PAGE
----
In the first place, the number of published case reports(4–10) stands out, on presumed Guillain-Barré syndrome secondary to COVID-19 infection, including the Miller-Fisher syndrome variant(11); from case series(12–15); as well as letters to the director or to the editor(16–17), through which it is not possible to establish strong evidence of a causal relationship given the absence of any type of statistical analysis, even more so considering the high prevalence (cumulative incidence in June 2021 of more than 170,000,000 cases worldwide) of SARS-COV2 infection in the areas where these cases occurred (Fig. 2), thus not being able to rule out the hypothesis that it was actually a simple coincidence(18–19) of two relatively frequent pathologies.
In addition, it is important to be able to adequately differentiate, in the case of patients affected by severe pneumonia, between critically ill neuropathy and Guillain-Barré syndrome, given the possible semiological overlap(20), especially considering that not all reported cases shows differentiating signs such as the classic albumin-cytological dissociation(21) in cerebrospinal fluid, as well as in many cases the typical latency time period of approximately 3 weeks from the causal infection and the appearance of neurological symptoms did not exist. For this reason, various sources call it early Guillain-Barré syndrome(22), and it is necessary to take into account the very possible diagnostic confusion.
However, the systematic reviews carried out do show a strong association between both pathologies, in addition, the studies analyzed emphasize differences in the presentation of the disease with greater severity in Guillain-Barré syndrome associated with COVID-19(23), compared to those described associated with other causes. In addition, an Italian multicenter observational study was published(24) that showed an increase in the incidence of Guillain-Barré syndrome from the start of the pandemic in northern Italy, supporting the existence of a link with this pathogen. They also agreed on the aforementioned observation that it usually presents more seriously than in cases precipitated by other causes. However, the confidence intervals overlapped due to the small sample size, and this small increase from previous years could be due to a chance finding(25).
To add even more confusion, we have an paper published in December 2020(26), which shows the results of a cohort study that found no association at all between Guillain-Barré syndrome and COVID-19 infection. The authors also did not find significant differences in the cases diagnosed during the pandemic, in terms of the pattern of weakness, latency time, neurophysiological patterns or findings in cerebrospinal fluid, compared to the cases diagnosed in the previous 3 years. Moreover, they corroborate a decrease in the incidence during the pandemic, which they explain as a consequence of the confinement measures adopted by the authorities, which would reduce the transmission of pathogens that induce Guillain-Barré syndrome, such as respiratory viruses or Campylobacter jejuni.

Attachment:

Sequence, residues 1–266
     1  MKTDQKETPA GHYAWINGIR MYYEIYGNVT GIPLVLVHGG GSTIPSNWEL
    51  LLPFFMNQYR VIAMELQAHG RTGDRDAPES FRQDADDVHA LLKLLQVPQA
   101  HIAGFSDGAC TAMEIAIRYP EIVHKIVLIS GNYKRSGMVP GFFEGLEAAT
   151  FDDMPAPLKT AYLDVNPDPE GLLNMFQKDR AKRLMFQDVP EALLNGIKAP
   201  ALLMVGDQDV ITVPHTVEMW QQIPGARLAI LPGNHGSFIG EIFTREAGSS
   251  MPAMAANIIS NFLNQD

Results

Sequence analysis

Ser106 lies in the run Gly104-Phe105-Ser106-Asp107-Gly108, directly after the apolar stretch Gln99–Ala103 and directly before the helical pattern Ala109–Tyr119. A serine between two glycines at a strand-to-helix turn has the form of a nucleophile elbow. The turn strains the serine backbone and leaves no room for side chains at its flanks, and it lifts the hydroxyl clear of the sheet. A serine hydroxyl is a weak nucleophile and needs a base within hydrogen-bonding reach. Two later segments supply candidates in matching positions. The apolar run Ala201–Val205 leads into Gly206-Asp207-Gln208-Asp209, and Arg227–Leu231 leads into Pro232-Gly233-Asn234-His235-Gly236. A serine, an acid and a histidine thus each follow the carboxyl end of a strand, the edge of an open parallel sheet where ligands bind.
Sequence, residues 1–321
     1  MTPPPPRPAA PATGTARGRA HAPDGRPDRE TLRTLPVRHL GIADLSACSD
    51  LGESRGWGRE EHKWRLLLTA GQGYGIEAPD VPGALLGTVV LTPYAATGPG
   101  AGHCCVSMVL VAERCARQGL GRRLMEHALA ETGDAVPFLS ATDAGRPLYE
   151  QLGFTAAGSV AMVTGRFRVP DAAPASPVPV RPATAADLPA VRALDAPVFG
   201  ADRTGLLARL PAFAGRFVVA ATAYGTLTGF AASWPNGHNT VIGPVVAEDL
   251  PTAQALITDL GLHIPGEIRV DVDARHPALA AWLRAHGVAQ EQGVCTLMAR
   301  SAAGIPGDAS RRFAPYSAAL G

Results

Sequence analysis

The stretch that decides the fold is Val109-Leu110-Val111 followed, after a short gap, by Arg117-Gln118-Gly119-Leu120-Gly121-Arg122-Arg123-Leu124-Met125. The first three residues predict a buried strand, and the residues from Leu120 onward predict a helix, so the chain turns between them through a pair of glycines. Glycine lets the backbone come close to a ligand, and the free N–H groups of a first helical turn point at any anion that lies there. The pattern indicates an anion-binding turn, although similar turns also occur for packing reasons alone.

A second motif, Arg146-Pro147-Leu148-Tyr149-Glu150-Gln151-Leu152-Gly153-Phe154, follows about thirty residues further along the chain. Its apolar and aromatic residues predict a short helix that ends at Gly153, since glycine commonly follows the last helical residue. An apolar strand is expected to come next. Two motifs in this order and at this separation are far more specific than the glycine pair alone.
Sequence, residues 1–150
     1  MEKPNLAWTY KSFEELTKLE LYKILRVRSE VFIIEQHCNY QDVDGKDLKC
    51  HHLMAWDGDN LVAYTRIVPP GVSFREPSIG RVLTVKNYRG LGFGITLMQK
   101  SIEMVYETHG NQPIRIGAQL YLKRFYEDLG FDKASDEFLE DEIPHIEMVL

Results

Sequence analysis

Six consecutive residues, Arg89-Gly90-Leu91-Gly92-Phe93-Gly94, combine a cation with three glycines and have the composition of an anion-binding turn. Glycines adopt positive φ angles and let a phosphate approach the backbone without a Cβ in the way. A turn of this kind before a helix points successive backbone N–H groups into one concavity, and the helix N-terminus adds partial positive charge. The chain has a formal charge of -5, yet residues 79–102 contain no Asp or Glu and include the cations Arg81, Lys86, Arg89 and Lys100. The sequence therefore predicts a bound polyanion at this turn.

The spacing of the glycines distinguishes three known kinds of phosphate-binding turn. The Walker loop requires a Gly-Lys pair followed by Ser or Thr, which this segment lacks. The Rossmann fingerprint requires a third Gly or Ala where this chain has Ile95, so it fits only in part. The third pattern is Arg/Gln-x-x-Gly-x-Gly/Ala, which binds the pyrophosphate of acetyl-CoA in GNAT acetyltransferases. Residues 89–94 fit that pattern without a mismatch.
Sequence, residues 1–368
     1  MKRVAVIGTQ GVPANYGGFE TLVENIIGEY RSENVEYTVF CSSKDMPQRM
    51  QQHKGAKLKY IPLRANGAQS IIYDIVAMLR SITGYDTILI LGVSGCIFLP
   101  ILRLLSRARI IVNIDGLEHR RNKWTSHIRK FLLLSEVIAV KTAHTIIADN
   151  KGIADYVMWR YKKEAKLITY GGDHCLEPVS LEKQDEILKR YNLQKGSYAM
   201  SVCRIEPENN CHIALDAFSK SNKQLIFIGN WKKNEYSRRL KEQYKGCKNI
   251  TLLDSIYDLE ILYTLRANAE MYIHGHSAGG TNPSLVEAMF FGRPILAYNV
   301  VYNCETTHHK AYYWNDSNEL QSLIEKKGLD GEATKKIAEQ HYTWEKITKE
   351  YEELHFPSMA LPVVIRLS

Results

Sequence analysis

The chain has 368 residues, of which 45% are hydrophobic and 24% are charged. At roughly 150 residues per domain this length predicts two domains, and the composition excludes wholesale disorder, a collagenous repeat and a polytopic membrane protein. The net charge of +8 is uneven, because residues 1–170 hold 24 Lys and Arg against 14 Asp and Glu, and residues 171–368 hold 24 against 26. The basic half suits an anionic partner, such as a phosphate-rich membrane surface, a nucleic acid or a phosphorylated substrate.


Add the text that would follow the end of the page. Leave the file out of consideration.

Generally, when measured, COVID-19 antibodies could not be determined in cerebrospinal fluid, except in one case(27). The viral amino acid sequence has been compared with human autoantigens associated with immune-mediated polyneuropathies, showing that the peptides that comprise the immunoreactive epitopes of SARS-COV2 share the same sequence as heat shock proteins 90 and 60 that are associated with Guillain-Barré syndrome(28–30). However, anti-ganglioside antibodies have only been detected very infrequently in some cases of Guillain-Barré syndrome associated with COVID19(31).
Regarding vaccination, the information we currently have is even scarcer than in the previous case, and even, of lower quality, highlighting some isolated case report published(32), some letter to the editor(33), and a study conducted in India(34), in which 80% of the population of Kerala (India) had received the ChAdOx1-S/nCov-19 vaccine. A period of 4 weeks (from March to April 2021) was evaluated in this population, observing 7 cases of Guillain-Barré syndrome, the incidence was therefore 1.4 to 10 times higher than that expected for such a period in a population of this magnitude. Guillain-Barré syndrome was also more severe, and the patients had frequently facial diplegia, a phenotype normally associated with post-vaccination Guillain-Barré syndrome(35).
On July 12, 2021, the FDA (Food and Drug Administration) referred that the Ad26.COV2.S (Janssen/Johnson & Johnson) vaccine registered an "increased risk" of Guillain-Barré syndrome. 100 cases were identified after the administration of 12.5 million doses of the vaccine. When making a critical reading, it is necessary to consider that if 4,000,000,000 people are immunized during a year, it would be expected that 68,000 cases of Guillain-Barré syndrome would occur naturally within this period, regardless of vaccination. Of these Guillain-Barré syndrome cases, 13,076 would occur in the 10-week window after double-dose vaccination with injections 4 weeks apart(36), which is even more than a hundred times more cases than reported by the FDA.
Therefore, more weighty, serious, epidemiological studies that may or may not demonstrate a real association are lacking.